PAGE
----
Do liberals suffer more than conservatives?

I finished Jonathan Franzen’s novel Freedom.

All the relationships in the novel (between lovers, between parents and kids, between siblings, and between friends) were screwed up. People fought, competed, and betrayed each other. People yearned to be free of dysfunctional relationships.

Franzen showed how dysfunction was passed down through generations. He described the struggles and mistakes of the parents and grandparents of the main characters.

People made stupid choices when young (about school, about roommates, and about lovers) and had to live with the consequences for years afterwards.

Everyone was neurotic, selfish and greedy.

Just like real life, I thought.

I mentioned the open-eyed cynicism/realism of the novel to some coworkers. One coworker said, “Yeah, this world is fallen.” Another said, “I’m sick of my husband.” I responded, “Too much information!”

For many people, work is the sanest part of their lives. But some workplaces are war zones too, and many managers make bad decisions.

To some extent, the novel was a glorified soap opera. I cringed at the mistakes the characters made in their lives. But the central characters changed over time, and in the end love and friendship triumphed — sortof. The characters were imperfect but they weren’t sadistic and they did have some tender feelings.

A common theme in the novel is the differences in outlook between conservatives and liberals: how political views affect personal lives. Franzen — like the main characters in the novel — is clearly a liberal, but it seems that the liberals suffer more than the conservatives.

This leads me to suggest a research topic: do liberals suffer more than conservatives?

Perhaps liberals suffer more than conservatives because (1) liberals have a conscience; (2) Liberals live in reality, unlike conservatives who live in a fantasy land, and (3) liberals typically lack religious faith, which can be a solace. Perhaps liberals are more neurotic. Are they more often single?

How much can we tell about a person by how they look?

I tend to think that personality and intelligence manifest in looks. For example, you can see kindness and intelligence and grace in a person’s face.

So I ask:

Can looks alone reveal a lot about a person?

I asked this question on facebook.

Chris Tombrello posted a link to the largely discredited idea of physiognomy and wrote, “You are correct to a degree but many mistakes have been made over the years as researchers have attempted to build a science of recognition. Studies on the physical characteristics of felons, or studies of people who look bovine or dog-like tend towards the humorous or grotesque.”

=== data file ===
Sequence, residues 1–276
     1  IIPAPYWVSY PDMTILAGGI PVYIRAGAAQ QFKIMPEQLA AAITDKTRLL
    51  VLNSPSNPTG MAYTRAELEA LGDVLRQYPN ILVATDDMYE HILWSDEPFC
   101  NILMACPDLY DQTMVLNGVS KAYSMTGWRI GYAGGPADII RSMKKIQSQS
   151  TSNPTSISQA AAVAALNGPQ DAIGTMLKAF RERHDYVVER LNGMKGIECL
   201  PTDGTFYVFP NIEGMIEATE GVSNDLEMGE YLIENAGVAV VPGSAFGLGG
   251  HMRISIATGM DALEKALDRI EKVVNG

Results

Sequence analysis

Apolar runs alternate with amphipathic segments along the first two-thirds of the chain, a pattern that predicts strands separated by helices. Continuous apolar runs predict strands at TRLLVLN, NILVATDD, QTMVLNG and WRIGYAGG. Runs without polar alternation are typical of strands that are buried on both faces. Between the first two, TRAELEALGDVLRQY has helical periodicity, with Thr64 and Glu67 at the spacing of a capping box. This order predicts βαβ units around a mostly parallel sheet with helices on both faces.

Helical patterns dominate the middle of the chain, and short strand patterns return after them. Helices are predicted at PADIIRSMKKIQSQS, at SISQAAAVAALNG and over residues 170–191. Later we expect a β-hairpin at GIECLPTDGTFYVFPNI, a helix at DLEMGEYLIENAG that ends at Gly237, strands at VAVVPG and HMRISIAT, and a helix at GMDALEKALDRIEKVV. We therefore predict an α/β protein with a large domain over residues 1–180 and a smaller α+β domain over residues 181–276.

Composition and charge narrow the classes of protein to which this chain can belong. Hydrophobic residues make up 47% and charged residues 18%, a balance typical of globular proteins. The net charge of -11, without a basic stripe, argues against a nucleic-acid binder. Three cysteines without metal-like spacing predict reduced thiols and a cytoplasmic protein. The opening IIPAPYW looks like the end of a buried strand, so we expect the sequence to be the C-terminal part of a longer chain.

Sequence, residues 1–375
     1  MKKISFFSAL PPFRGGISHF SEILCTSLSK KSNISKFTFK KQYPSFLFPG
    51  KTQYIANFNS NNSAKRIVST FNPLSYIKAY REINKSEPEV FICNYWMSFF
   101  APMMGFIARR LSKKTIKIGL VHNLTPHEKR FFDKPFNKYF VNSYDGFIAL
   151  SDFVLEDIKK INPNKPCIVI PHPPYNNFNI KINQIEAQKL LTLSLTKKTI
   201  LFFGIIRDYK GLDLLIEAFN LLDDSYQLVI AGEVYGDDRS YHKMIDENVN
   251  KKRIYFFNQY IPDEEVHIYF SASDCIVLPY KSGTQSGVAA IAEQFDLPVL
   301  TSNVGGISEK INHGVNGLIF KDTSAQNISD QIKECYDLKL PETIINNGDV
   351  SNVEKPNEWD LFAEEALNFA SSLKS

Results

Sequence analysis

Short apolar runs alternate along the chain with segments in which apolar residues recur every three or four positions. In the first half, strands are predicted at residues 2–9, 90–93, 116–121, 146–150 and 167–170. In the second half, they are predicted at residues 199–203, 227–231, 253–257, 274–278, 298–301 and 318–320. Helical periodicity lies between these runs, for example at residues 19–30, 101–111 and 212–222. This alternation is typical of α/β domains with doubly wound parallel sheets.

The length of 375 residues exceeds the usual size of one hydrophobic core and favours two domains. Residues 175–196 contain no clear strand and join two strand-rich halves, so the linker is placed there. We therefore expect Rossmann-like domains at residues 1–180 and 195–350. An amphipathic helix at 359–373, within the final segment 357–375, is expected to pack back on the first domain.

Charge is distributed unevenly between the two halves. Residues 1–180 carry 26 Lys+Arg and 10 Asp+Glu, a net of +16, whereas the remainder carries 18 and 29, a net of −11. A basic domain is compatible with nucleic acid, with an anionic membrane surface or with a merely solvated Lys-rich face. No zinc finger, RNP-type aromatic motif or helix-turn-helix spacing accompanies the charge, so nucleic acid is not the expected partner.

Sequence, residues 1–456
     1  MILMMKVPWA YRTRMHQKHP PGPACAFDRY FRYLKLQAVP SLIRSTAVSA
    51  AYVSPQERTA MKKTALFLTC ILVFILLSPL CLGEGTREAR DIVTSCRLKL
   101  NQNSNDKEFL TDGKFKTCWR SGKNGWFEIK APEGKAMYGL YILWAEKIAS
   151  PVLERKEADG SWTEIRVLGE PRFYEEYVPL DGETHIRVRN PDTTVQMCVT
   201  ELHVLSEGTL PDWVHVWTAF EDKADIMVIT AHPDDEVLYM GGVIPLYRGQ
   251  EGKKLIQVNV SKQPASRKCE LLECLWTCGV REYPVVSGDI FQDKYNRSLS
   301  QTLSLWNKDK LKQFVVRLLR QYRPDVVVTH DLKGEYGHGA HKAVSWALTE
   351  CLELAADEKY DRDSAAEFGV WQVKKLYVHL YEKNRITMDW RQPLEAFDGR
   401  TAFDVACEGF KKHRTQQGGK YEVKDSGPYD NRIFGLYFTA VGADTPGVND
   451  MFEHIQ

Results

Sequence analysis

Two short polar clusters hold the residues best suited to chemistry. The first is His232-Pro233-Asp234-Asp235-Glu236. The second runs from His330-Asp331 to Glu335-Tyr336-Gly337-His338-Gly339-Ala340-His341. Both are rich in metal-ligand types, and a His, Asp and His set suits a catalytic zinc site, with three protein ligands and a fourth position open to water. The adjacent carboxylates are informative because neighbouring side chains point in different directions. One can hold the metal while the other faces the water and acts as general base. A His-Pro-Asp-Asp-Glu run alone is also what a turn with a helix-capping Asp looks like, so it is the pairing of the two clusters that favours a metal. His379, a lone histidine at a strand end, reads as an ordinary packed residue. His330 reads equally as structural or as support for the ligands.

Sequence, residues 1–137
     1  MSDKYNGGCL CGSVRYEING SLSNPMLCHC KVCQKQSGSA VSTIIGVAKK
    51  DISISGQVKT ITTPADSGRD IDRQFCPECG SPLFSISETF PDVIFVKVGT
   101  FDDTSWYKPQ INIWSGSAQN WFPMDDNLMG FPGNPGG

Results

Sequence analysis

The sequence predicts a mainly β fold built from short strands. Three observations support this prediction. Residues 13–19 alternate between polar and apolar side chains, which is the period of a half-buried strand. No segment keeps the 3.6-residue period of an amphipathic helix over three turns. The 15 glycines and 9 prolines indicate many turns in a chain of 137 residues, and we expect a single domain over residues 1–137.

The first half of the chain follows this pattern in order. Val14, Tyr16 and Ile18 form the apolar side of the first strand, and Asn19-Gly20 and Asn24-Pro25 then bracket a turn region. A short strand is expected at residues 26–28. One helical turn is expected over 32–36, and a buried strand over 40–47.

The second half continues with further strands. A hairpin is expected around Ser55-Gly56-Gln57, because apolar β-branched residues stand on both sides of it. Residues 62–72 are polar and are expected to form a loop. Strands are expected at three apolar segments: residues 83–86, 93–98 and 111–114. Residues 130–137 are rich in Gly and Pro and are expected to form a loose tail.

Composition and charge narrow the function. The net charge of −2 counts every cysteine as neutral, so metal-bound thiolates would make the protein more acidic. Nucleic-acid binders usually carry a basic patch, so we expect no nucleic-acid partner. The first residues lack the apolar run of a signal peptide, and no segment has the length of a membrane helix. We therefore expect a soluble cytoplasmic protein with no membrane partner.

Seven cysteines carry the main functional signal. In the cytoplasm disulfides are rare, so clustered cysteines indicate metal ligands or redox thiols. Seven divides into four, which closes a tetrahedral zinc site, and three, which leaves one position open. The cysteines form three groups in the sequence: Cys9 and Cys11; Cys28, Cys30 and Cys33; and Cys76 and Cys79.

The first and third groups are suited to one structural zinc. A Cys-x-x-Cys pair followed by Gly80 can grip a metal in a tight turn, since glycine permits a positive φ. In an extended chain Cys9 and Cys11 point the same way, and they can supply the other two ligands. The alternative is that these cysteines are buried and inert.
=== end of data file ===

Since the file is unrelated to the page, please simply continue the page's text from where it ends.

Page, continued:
One gal said that not all intelligent people are physically attractive.  I agree. I didn’t mean to imply that.

So let me revise my question, lest I sound sexist and superficial:

Can you tell a lot about a person by observing them walking and talking for a minute? Or by viewing a few candid photos?

Certainly, there are false judgments. Some people look dumb but are sharp. Others look suave and competent but are shallow or mean or psychopathic.

Still, oftentimes we are right. And isn’t there such a thing as love at first sight?  I  confess that the most significant relationships in my life were launched rather quickly — and worked out OK.

The following R-rated article at Huff Post illustrates how the same person can give a quite different impression based on their posture and facial expression.  It shows the sort of thing that photos can (apparently) reveal about a person:  Stunning Nude Photo Series Challenges What It Means To Be ‘Attractive’ (NSFW).  Attractiveness isn’t just symmetry and clear skin and desirable proportions and musculature. It’s also posture and confidence and vivacity.

I read, by the way, that people who you find attractive are likely to have compatible immune systems.  But presumably that’s not something you can find out from photos and video.

Dustin Hoffman gave a moving and sweet interview in which he regrets the way he used to judge women by their looks.  Unfortunately, it’s something that I think most men do way too much. See this article or this video:

Making Marriage Last – Do Atheists Do It Better?

Conservative Christians think of themselves as the last line of defense for a time honored and holy tradition, marriage. In the conservative Christian view, marriage is a sacred union ordained by God. It binds one man and woman together so that the “two become one flesh” until they are parted by death.Old couple cartoon

This view of marriage is unbiblical, to be sure. See Captive Virgins, Polygamy, Sex Slaves: What Marriage Would Look Like If We Actually Followed The Bible. But hey, who actually reads the Bible? Surely, what God meant to say, is that marriage should take the form that is most familiar and traditional to us: One male plus one female who is given to the male by her father–that part is biblical–for life.

In this worldview, Christian marriage is under assault by an anti-trinity of powerful and dark forces: feminism, homosexuality, and godlessness. Faith, on the other hand, saves both souls and marriages. When I was young, a slogan made its way around my church, The family that prays together stays together. Dr. Tom Ellis, former chairman of the Southern Baptist Convention’s Council on the Family boldly claimed that “…born-again Christian couples who marry…in the church after having received premarital counseling…and attend church regularly and pray daily together… experience only 1 divorce out of nearly 39,000 marriages.”